What makes two type expressions in Haskell equivalent?

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Category:Languages

So I was asked whether these 3 type expressions where equivalent in Haskell:

τ1 = (a -> a) -> (a -> a -> a) τ2 = a -> a -> ((a -> a) -> a) τ3 = a -> a -> (a -> (a -> a)) 

if I take away the parenthesis I'm left with this

τ1 = (a -> a) -> a -> a -> a τ2 = a -> a -> (a -> a) -> a τ3 = a -> a -> a -> a -> a 

So it's obvious to me that they are all different from each other. However, according to the question, these two answers are wrong:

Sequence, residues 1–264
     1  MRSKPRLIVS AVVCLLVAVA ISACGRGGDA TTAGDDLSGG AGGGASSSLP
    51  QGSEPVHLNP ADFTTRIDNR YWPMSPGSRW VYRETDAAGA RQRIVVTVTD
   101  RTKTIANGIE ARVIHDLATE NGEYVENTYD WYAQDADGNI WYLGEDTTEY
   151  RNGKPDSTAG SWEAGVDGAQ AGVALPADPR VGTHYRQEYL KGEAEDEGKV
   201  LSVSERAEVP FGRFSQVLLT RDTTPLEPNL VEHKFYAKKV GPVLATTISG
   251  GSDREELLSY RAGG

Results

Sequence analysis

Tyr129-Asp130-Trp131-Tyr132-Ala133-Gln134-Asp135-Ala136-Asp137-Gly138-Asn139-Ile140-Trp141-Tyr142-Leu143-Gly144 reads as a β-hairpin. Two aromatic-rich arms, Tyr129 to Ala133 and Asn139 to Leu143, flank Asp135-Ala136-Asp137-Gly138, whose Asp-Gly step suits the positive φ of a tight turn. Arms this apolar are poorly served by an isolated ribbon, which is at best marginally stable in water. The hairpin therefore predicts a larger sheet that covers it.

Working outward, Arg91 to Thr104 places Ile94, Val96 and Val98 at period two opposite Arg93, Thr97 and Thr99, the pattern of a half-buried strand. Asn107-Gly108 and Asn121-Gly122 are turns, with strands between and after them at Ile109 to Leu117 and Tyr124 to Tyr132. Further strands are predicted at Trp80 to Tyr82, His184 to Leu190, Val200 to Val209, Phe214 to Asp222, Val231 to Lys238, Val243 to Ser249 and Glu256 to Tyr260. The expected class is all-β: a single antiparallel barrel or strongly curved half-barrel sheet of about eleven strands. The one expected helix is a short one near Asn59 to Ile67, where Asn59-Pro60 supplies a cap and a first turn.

τ1 !≡ τ2 !≡ τ3 !≡ τ1 τ1 !≡ τ2 ≡ τ3 

So I'm a bit confused right here, what would be the right answer and why?

 


Indeed, they are all distinct for the reason you mention.

We can even ask GHC to confirm it. (Below, I chose a ~ Int to obtain a closed type.)

> import Data.Type.Equality > type T1 a = (a -> a) -> (a -> a -> a) > type T2 a = a -> a -> ((a -> a) -> a) > type T3 a = a -> a -> (a -> (a -> a)) > :kind! T1 Int == T2 Int T1 Int == T2 Int :: Bool = 'False > :kind! T1 Int == T3 Int T1 Int == T3 Int :: Bool = 'False > :kind! T2 Int == T3 Int T2 Int == T3 Int :: Bool = 'False 

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